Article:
Alex Whittaker

Alex Whittaker  |  Jan 30, 2019  |  0 comments
My home-brew winter project has reached the stage where the woodwork is essentially complete, bar some final gluing up, and it’s time to cover the model. Since the aeroplane is a sports design I’ve decided to use an eye catching scheme in a bright iron-on film. Now, before applying any covering I always perform a trial installation of the radio and engine, including all control runs, as it’s all too easy to damage a covered model during this process. Also, it’s very much easier to cover components whilst they’re still flat objects on the bench.
Alex Whittaker  |  Mar 04, 2015  |  0 comments
I don't mind the cold, dark, wet nights. I'm not ashamed to admit that I adore those long evenings in the shed with the radio on. I find the smell of balsa dust and machine oil very comforting. I'm definitely in 'winter project mode' at the moment, though I keep the trusty winter hack charged up just in case.
Alex Whittaker  |  Jul 28, 2014  |  0 comments
Early season, and I was at ex-RAF Sleap on a different mission and where I had a pleasant surprise. It was my first outdoor meeting of the 2012 season and, as I limbered up with three clanking cameras, the last thing I expected to shoot was two brand new ARTF Sea Furies! They were not small fry either. The new Black Horse Sea Fury is over six feet in span, which my dodgy maths makes about 1/6-scale. Weighing in at around 7.
Alex Whittaker  |  Feb 25, 2014  |  0 comments
A Cox control-line P-51. Cox were making live fuel powered RTFs generations before the current boom in ARTFs. Spring has sprung, the grass is riz. The blonde person has been having great fun with her brand new, shrieking-yellow strimmer.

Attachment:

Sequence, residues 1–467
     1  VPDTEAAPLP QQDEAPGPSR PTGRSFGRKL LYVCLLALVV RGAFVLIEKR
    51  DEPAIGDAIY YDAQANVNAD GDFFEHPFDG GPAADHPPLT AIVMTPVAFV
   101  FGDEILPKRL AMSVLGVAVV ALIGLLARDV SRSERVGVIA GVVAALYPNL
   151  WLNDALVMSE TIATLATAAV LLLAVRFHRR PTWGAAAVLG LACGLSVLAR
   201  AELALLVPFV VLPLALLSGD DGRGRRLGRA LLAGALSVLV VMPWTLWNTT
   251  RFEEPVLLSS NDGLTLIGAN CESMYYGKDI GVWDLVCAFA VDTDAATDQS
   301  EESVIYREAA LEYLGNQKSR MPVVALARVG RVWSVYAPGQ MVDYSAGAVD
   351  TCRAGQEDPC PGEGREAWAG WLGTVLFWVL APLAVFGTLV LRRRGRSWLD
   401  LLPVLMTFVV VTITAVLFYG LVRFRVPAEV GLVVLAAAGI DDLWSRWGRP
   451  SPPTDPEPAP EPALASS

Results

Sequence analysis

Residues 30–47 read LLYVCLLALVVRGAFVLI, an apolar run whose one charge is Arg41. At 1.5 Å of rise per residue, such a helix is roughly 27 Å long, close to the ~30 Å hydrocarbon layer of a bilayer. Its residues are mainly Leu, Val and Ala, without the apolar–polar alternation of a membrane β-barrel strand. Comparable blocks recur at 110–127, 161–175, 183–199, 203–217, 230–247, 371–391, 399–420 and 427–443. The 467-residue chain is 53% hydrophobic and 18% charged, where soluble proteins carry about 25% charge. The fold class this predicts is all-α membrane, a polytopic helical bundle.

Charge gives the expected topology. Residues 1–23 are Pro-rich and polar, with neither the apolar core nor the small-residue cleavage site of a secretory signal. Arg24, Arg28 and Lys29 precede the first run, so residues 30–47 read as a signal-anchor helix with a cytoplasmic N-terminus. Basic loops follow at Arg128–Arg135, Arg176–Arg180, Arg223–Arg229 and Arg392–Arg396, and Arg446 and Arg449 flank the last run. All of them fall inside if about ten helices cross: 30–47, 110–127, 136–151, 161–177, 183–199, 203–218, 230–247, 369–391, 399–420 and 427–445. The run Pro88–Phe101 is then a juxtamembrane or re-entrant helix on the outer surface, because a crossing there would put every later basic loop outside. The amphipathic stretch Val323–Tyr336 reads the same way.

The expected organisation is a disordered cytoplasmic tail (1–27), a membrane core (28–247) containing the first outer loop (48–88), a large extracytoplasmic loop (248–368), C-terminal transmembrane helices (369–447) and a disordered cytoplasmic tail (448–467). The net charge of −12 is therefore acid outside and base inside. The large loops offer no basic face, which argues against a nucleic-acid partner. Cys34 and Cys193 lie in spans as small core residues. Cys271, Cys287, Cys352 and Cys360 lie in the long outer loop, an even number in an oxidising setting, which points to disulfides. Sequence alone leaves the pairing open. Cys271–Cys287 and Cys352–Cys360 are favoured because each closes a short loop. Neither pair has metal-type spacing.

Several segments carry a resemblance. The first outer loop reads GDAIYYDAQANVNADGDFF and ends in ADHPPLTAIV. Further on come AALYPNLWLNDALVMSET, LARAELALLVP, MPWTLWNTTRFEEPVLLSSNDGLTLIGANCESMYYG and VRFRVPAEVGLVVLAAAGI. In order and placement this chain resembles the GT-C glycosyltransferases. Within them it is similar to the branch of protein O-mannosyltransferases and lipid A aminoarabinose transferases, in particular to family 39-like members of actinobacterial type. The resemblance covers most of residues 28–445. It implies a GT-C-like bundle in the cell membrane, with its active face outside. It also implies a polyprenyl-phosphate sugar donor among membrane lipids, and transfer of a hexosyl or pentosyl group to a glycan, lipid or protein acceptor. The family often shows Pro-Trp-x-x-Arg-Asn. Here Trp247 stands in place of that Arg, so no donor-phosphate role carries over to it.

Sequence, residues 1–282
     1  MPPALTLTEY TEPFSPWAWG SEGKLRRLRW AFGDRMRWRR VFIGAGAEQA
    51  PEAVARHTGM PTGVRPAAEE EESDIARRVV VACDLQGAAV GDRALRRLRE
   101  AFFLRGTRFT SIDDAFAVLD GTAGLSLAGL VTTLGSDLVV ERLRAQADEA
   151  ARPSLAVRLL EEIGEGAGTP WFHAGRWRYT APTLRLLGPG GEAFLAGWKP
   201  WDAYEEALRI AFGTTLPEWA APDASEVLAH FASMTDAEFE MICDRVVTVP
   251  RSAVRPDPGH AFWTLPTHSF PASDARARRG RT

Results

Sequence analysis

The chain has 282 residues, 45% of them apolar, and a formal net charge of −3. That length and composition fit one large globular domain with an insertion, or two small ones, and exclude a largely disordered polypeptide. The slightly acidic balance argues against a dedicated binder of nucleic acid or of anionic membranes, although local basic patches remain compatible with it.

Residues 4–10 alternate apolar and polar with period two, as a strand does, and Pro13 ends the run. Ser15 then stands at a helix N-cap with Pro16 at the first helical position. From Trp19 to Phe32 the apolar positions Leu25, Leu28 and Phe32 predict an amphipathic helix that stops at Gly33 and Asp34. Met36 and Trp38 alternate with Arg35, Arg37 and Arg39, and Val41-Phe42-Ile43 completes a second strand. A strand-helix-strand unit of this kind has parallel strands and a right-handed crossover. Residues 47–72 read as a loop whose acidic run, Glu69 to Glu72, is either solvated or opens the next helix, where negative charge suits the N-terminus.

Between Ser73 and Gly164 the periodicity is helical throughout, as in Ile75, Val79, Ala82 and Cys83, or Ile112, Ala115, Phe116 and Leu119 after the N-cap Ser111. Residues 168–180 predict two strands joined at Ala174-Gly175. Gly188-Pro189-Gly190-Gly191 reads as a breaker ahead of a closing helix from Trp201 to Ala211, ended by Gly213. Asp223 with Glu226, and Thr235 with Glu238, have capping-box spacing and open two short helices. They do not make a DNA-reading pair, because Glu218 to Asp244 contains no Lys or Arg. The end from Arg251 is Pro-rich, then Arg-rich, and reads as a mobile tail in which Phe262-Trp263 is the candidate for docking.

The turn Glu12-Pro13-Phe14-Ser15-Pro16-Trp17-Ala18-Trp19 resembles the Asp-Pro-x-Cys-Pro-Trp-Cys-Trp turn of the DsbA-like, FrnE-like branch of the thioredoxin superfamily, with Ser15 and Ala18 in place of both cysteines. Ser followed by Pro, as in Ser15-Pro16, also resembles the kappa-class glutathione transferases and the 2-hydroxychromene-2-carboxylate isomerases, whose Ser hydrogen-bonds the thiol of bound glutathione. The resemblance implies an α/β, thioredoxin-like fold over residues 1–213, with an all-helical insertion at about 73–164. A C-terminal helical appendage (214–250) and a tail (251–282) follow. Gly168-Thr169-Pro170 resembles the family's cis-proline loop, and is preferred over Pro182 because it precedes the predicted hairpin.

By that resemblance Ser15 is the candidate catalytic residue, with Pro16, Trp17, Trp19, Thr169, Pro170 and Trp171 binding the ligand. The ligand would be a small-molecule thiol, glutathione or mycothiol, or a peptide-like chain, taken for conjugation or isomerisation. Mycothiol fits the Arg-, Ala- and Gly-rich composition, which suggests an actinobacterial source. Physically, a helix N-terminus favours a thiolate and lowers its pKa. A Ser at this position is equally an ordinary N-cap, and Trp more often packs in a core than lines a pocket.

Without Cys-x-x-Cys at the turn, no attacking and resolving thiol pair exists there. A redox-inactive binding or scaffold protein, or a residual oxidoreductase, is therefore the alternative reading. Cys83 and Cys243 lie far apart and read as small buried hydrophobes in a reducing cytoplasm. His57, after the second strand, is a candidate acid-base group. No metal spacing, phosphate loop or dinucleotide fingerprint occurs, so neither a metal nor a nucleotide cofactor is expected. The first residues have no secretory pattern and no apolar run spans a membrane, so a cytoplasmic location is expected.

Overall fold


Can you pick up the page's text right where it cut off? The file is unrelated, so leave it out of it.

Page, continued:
Alex Whittaker  |  Jun 04, 2013  |  0 comments
Here's what we're aiming to achieve. . . .
Alex Whittaker  |  Aug 13, 2012  |  0 comments
The Ponnier Monoplane Racer, conceived by Albert Pagny, was specifically designed to compete in the Gordon Bennett Rheims Air Race in 1913. It had a span of 23ft 6in, and was powered by a twin-row rotary Gnome engine. The event, the third of its kind, was held on the Betheny Plain site of the historic first race in 1909. It is significant to note that even this early in the history of air racing, eight of the nine entries flew monoplanes.
Alex Whittaker  |  Jun 19, 2012  |  0 comments
In the period immediately after the Second World War, the coming of the jet engine saw much innovation in both civilian and military aviation. At the time the possibilities of the jet age were vaguely glimpsed, but largely unknown. However, the arrival of jet power did prompt the need for broader training opportunities, and a number of manufacturers, sensing commercial possibilities, rose to the challenge. At that time there was also much discussion about the effects of fast jet flight on human physiology.
Alex Whittaker  |  Jan 25, 2012  |  0 comments
This plan was first published in 2002 and is available from the RCM&E plans service. PART. 1 To my eyes, Edwardian design has always combined elegance and practicality. Take the Blackburn 1912 monoplane, for instance.
Alex Whittaker  |  Jan 17, 2012  |  0 comments
This review was first published in 2003, the kit has since been re-issued in an all-silver scheme and currently enjoys limited availability. Graupner’s semi-scale Taifun follows the recent trend towards a slightly more up-market ARTF, with high build quality and additional features such as flaps and retracts. Actually, I’ll let you into a secret: I’ve not yet built a model with both flaps and retracts, so this was an exciting prospect for me. At 63” span, the Taifun has a 14” root chord, a chunky fuselage, and .
Alex Whittaker  |  Dec 10, 2010  |  0 comments
This review was first published in RCM&E November 2005 and the kit is still available (see link below). I like Mustangs. In fact I’ve owned three such ARTFs over the last few years, two of which I’ve managed to ‘total’ in dodgy circumstances. I therefore came to this particular review with both excitement and a certain amount of trepidation.


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